By Adela Julevic ‘16
Splashes of bright colors and intricate shapes of fruits, flowers, people, and animals attracted waves of all age groups to the Henri Matisse: The Cut-Outs exhibit on the sixth floor of the Museum of Modern Art.
Half of the floor consisted of the actual exhibit, while the rest of the floor consisted of the gift shop selling calendars, notebooks, post cards, and copies of the artwork.
A blue and white wall near the entrance greeted the guests. The wall displayed Henri Matisse’s biography, which could be read while standing on line or as you enter.
He created these cutouts during the last decade of his life. He’d guide studio assistants around his apartment to pin his cutouts on the walls.
Matisse described the process of creating the cutouts as both “cutting directly into color” and “drawing with scissors.”
The cutouts varied from religious symbols, such as crosses and cathedral-like stained glass windows, to abstract female bodies and nature.
The exhibit consisted of nine rooms, each full of herds of people. Parents would lift up their children to get a closer look at pieces and marveled at the bright colors. Visitors would touch the glass covering and trace the cutout with their finger or sit and interpret the image from a distance.
One room consisted of a film, which attracted a huge audience. The film showed Matisse painting and cutting large sheets of paper that would be used in his masterpiece.
The most interesting parts of the exhibit were the room containing the Blue Nude series and the room containing The Swimming Pool.
The Blue Nudes covered every wall of the room. Collages of framed blue silhouettes covered half the room and attracted a decent amount of people. The other half of the room displayed pencil and pen drawing of Acrobats and The Dance. The artworks were so full of life and the color scheme went together.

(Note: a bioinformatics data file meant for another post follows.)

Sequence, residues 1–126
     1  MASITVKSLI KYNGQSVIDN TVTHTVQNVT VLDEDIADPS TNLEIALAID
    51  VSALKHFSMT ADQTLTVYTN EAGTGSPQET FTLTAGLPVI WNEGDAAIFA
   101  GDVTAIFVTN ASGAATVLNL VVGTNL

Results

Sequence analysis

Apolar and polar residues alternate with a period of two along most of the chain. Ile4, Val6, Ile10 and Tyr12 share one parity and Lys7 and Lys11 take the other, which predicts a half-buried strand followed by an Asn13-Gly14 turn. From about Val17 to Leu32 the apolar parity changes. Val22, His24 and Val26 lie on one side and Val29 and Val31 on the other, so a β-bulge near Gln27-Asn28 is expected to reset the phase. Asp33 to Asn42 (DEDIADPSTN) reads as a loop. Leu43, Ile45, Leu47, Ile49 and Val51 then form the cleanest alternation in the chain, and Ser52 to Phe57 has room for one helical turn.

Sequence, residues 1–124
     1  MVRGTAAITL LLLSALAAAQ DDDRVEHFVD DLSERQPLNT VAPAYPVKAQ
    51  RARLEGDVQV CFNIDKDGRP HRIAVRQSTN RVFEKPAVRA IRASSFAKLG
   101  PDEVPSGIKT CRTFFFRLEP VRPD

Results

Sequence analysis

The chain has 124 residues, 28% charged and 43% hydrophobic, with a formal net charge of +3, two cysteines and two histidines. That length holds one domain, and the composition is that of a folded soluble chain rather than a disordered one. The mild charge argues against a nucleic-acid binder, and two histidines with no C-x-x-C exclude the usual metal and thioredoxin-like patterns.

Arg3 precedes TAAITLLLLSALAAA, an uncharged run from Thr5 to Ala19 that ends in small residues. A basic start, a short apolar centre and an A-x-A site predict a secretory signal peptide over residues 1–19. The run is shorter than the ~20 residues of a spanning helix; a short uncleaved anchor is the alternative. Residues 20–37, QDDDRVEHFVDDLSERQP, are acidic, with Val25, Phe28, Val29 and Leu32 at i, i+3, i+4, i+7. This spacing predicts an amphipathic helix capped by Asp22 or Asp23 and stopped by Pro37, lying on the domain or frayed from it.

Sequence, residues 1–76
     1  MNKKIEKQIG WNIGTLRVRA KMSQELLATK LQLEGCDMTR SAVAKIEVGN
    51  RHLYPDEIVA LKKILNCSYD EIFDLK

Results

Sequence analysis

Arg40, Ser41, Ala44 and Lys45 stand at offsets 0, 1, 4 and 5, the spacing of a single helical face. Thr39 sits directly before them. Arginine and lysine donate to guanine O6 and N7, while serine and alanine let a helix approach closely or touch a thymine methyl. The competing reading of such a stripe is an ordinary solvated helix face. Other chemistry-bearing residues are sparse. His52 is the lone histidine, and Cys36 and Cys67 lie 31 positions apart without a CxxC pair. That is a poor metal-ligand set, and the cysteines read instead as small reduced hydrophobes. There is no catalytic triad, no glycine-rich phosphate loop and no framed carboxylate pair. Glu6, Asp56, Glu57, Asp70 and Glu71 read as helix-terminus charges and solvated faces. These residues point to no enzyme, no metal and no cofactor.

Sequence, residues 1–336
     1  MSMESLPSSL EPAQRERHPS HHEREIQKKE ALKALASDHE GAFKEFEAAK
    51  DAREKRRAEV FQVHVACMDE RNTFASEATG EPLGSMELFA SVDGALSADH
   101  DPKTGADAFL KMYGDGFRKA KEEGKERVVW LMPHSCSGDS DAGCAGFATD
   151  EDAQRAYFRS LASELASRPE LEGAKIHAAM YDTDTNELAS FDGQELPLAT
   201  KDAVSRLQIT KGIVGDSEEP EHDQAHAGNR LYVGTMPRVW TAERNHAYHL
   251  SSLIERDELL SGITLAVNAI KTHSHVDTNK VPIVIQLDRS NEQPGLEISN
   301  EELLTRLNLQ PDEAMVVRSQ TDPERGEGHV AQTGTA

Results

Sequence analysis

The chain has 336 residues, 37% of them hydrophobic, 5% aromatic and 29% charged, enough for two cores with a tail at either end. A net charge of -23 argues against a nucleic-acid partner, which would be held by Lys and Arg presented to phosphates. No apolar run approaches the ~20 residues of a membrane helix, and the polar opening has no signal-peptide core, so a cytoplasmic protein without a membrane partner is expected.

The Swimming Pool also covered two walls of another room, from floor to ceiling. The cutouts were pinned on a white background and mounted on burlap. The swimmers and sea life were cut out from blue gouache on paper. The divers are seen jumping and swimming through the water.
The Parakeet and the Mermaid covered an entire wall in one room. This piece consists of bright blue, green, purple, and orange leaves. The leaves are mixed with blue pomegranates. On the far left, there is a blue parakeet pinned and on the top right, the blue mermaid is placed. Matisse’s desire to grow a garden inspired this piece. After being confined to a wheelchair, he decided to create his own garden in his studio apartment.
The MoMA will continue to showcase this exhibit until February 10, 2015. Tickets can be sold at the museum or be purchased on-line. Children (16 and under) are free and full-time students with an ID pay $8.00 for a ticket. The Museum of Modern Art is located in Manhattan on 11 West 53 Street.